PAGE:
Monday, June 27, 2022

Money & Shopping in Iceland

EuropeIcelandMoney & Shopping in Iceland

Read next

Currency

The Icelandic króna (kr or ISK) is the native currency, and its value plummeted during the 2008 financial crisis. It is currently trading at about €1 = 140 kr as of May 2016. This has also made local pricing more accessible to visitors, despite the fact that import prices have increased significantly.

If you purchase and sell your króna in Iceland, you’ll receive a higher exchange rate. Credit cards are accepted almost everywhere in Iceland, including taxis, petrol stations, souvenir shops, and even the most distant guest home, so carrying significant sums of Icelandic cash is unnecessary. However, some credit cards are still cautious of króna purchases owing to the currency’s volatility, so check with your bank before you travel and don’t depend solely on plastic.

Foreign trade in the króna has been prohibited since the 2008 economic crisis, therefore you may find it difficult to get króna notes in your own country.

Costs

Traveling to Iceland is quite inexpensive: Icelandair and WOW Air both offer a variety of attractive prices and specials, and Keflavk International Airport will soon welcome EasyJet, a European low-cost carrier.

However, as soon as one gets off the aircraft, the scenario changes dramatically: owing to hefty import tariffs and a 25.5 percent VAT rate, costs in Iceland may be much higher than in other areas of Europe, especially for alcohol, foreign cuisines, clothes, and other items. Many retail items, for example, may be 3-4 times more costly than in North America.

The price gap between Iceland and the rest of Northern Europe is considerably less; fuel, for example, is less expensive.

Tourists may take use of useful discount card programs, the most notable of which being the City of Reykjavik’s Reykjavik City Card.

Look for the Bónus while you’re shopping for groceries or other essentials. Netto or Krónan stores, since they are much less expensive than the others. Several second-hand shops, such as Red Cross and Salvation Army, are located in downtown Reykjavk and may be useful for purchasing inexpensive warm clothing.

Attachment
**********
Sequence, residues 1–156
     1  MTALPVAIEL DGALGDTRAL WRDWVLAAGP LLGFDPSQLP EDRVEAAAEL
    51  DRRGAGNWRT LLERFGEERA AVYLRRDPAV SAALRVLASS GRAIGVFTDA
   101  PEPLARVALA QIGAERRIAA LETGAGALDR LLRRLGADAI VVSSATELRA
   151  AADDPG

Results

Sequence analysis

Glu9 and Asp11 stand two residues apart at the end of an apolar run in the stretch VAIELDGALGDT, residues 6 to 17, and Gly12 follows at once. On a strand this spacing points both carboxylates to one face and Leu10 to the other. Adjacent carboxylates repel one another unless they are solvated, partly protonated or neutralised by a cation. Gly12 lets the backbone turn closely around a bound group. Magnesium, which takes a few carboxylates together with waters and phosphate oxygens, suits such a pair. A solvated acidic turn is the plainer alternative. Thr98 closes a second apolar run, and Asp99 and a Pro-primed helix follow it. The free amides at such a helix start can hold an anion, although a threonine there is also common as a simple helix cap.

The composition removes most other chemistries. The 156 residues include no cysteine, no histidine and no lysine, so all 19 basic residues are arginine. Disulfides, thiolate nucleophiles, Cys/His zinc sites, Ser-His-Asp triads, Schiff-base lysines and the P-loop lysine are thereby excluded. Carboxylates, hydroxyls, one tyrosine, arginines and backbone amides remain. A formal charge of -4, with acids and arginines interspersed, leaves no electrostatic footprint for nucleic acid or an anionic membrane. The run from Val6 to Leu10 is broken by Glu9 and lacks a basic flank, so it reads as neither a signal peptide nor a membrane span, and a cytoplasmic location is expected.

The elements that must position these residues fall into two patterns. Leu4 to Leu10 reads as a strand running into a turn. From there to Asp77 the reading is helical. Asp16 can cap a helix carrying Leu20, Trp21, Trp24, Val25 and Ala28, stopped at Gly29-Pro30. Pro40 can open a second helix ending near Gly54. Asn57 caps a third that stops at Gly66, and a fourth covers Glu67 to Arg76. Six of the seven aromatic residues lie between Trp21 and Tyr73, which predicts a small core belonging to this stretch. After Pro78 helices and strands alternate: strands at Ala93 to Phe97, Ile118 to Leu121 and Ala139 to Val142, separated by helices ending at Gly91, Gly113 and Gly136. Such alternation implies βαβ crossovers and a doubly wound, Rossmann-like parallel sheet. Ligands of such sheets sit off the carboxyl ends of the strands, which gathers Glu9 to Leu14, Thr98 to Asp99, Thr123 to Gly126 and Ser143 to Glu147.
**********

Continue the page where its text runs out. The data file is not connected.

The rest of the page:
A pint of beer or glass of wine will set you back 700 to 1200 kr, a pizza for one person will set you back 1700 to 2200 kr, a city bus trip will set you back 350 kr, and a cappuccino or espresso drink will set you back 350 to 600 kr.

A package of 20 cigarettes costs approximately 950 kr. Although cigarettes are not allowed to be visible in stores in Iceland, most petrol stations, supermarkets, and newsagents sell them.

Tipping

Tipping is not customary in Iceland. In rare instances, leaving a tip may be seen as disrespectful, so try giving vocal appreciation for a job well done instead. It should be noted that some Icelandic businesses have begun to place a tip jar next to the cash register, although these are usually disregarded.

Shopping

Typical Icelandic products that make good souvenirs include:

  • Products made from Icelandic wool. Icelandic sheep are a unique breed that produces soft and durable wool, and Icelandic woolen products (hats, gloves, etc.) are soft and warm; if you intend to visit the interior, don’t simply purchase them for other people.
  • Crafts and arts. Iceland offers a plethora of amazing little artisan stores selling anything from melodic baskets to bizarre porcelain sculptures to paintings, glasswork, and jewelry. At contrast to the typical mass-marketed goods seen in so many other museums, the National Galleries prefer to carry the same artist’s work in its gift shops.
  • Music from the area. Beyond Björk and Sigur Rós, there are a multitude of intriguing local music CDs worth seeking out. Eberg, Hera, Retro Stefson, FM Belfast, Worm is Green, Mm, Singapore Sling, and Bellatrix are all worth seeking out. Be aware that many of these CDs are often available as imports at considerably cheaper costs back home. CDs usually cost between 1500 and 2000 kr.

How To Travel To Iceland

By plane Iceland is readily accessible by air, with Keflavk (IATA: KEF) in the southwest of the country, approximately 40 kilometers from Reykjavk, serving as the major international airport. The airport itself is sparse, so pack books or other kinds of entertainment if you have a long stopover. Iceland is not...

How To Travel Around Iceland

By plane Airplanes, like buses or trains in other countries, are Iceland's primary mode of internal transportation. If you're entering one of the fjords, such as Akureyri, be aware that the trip may be a little rough. Air Iceland, Atlantic Airways, and Eagle Air provide scheduled service to neighboring locations such...